This is a known ending. I remember writing an article on this type of Rook and Pawn ending some 25 years ago: already then there was a lot of literature on this, and I found dozens of practical examples from master play. White wins by advancing his King and center pawn.
Even so, Mamedyarov should play on for a few more moves. Instead, he resigned. 1:0 With this unexpectedly easy win Kramnik was able to finish the tournament with a 50% score.
If the above example is hard to believe, take a look at this embarrassement:
Back to basics: buy Mamedyarov a book on how to play endgames!
This is position from the Ponomariov vs Mamedyarov game after White’s 29th move. The position is about equal, but if anyone has chances it is Black: his pieces are well centralized and the White pawns are easier to attack (g3) than the Black counterparts. Black could start probing manoeuvres (..a5!?) in an effort to create another White target. I would expect the game to end up in a draw, especially at this level of play.
But the next 8 moves by Mamedyarov are impossible to rationally explain: he started to put all of his wonderfully active pieces onto the worse possible squares! He soon found himself getting into trouble. Below is the position after White’s 37th move:
POSITION ONLY 8 MOVES LATER!
Take a look at Black’s Knight on h8: can you find a worse square for a Knight?? The Black Bishop is no longer on its best diagonal, and the Black Rook and King are out of play. What on earth was in Mamedyarov’s mind? While Black may not be lost in the above position, White has significantly improved his chances of winning. Ponomariov won on the 51st move after some more weak play by Black.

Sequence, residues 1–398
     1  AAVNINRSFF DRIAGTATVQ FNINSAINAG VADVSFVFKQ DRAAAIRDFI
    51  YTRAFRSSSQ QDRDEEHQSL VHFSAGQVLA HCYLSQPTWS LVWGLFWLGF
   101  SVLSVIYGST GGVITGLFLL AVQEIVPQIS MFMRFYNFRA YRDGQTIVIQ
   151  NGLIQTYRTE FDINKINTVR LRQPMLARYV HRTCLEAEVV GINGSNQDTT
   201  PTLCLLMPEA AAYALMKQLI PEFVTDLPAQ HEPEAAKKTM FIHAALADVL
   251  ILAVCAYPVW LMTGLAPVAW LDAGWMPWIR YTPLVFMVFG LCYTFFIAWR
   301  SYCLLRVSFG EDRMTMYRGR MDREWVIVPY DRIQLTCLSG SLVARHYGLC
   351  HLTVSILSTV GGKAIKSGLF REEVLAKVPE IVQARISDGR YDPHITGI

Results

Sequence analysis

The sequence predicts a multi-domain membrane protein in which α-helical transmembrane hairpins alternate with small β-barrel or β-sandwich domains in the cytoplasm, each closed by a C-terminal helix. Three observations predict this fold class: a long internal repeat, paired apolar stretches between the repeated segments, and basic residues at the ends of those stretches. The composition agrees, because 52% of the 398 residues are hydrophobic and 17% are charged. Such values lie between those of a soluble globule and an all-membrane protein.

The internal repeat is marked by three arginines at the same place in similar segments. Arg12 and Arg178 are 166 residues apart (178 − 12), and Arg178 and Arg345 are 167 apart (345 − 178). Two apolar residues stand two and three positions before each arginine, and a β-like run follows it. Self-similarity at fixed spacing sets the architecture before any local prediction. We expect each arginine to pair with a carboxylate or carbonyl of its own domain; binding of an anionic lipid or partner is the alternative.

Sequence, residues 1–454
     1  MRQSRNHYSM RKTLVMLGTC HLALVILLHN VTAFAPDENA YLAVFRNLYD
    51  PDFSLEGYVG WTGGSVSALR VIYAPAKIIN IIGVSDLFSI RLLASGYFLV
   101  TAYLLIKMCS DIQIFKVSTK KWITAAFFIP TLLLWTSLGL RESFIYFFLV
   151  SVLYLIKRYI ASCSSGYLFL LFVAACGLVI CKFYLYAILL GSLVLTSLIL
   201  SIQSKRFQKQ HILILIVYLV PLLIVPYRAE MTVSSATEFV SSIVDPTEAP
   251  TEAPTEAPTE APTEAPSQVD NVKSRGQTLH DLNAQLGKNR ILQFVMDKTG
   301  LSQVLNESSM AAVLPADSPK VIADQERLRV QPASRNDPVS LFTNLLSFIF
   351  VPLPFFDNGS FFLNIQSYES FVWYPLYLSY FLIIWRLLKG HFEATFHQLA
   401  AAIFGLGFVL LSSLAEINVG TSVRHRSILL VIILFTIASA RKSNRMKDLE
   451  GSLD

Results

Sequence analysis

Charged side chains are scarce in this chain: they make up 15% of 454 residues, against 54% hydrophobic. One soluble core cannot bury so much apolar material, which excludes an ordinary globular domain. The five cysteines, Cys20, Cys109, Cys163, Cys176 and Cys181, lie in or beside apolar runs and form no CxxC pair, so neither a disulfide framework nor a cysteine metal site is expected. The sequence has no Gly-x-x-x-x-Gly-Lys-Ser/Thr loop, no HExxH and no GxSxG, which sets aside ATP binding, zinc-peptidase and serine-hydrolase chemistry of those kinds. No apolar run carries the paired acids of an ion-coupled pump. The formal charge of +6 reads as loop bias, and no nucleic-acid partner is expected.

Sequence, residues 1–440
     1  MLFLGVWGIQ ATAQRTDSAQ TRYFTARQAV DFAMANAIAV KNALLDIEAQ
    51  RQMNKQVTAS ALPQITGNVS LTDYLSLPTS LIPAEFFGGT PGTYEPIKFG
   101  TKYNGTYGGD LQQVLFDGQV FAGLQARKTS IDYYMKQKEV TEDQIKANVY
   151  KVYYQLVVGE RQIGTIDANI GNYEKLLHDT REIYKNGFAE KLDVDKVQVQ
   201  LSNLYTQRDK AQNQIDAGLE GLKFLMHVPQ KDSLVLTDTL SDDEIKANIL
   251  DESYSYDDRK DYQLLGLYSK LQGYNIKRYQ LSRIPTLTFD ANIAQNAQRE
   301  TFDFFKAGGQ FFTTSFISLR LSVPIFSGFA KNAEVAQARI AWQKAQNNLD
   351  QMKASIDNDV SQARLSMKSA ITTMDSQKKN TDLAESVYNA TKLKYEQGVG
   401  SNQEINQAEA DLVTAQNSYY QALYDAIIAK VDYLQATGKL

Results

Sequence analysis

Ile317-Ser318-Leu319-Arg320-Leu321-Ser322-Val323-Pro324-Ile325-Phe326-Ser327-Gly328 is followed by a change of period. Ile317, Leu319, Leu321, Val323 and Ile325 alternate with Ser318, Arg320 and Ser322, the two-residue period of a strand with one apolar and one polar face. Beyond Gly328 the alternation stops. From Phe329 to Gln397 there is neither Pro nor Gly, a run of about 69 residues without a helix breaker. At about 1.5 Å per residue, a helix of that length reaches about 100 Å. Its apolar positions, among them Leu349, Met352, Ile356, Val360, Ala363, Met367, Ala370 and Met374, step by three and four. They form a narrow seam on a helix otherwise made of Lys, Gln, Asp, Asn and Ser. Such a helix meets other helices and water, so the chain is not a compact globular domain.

One more example of a misplayed ending….
Round one paring: Ponomariov vs Leko. How to lose an ending without really trying….
POSITION AFTER WHITE’S 26th MOVE (26.Rd1)
This tournament was to prove to be one of Leko’s worse results ever since cracking the 2700 barrier. Things started going wrong right in the first round. Here against Ponomariov Black has achieved a fully playable position. White has not even the hint of an advantage!
Besides the move played by the Hungarian, Black might want to consider taking the Bishop on c3 and activating his Rook via the 4th rank: 26…Nxc3 27.Kxc3 Rb4!?
Black gets counterplay with …Ra4, …Re4 or …Rg4. The White e-pawn is vulnerable and Black might even try to advance his c-pawn (with or without …Bf8). An easy defence for Black.
Instead, Leko played the reasonable 26…Nb4ch
and after 27. Bxb4 cb 28. Kb3
we reach the following position:
The White King tries to blockade the Black Queen-side majority. He threatens to get some play with Rd7. How should Black proceed if he is not to get the worse of it? Actively, ofcourse!
Black should play the Rook-lift 28… Rb5 (diagram,right),
attacking the e-pawn and threatening …Ra5-a3ch , activating the Black Rook.
After the logical continuation (29. Rd8 Bf8 30. Rd7 Ra5) we arrive at the diagram below,right:
Why is Black even a bit worse? If White plays 31.Kb2 then Black can simply force a repetition of position with 31…Bg7!. And if White instead plays for broke with the speculative 31. e6, Black gets the edge with 31…fe 32.Nd4!? (what else?) 32…Ra3ch!
Instead, Leko played the very passive 30…Bf8?!, and after 31.Rd7! and 32.Nd2! (threatening N-e5 -f6) Ponomariov built up some advantage that he eventually converted into a win some 25 moves later.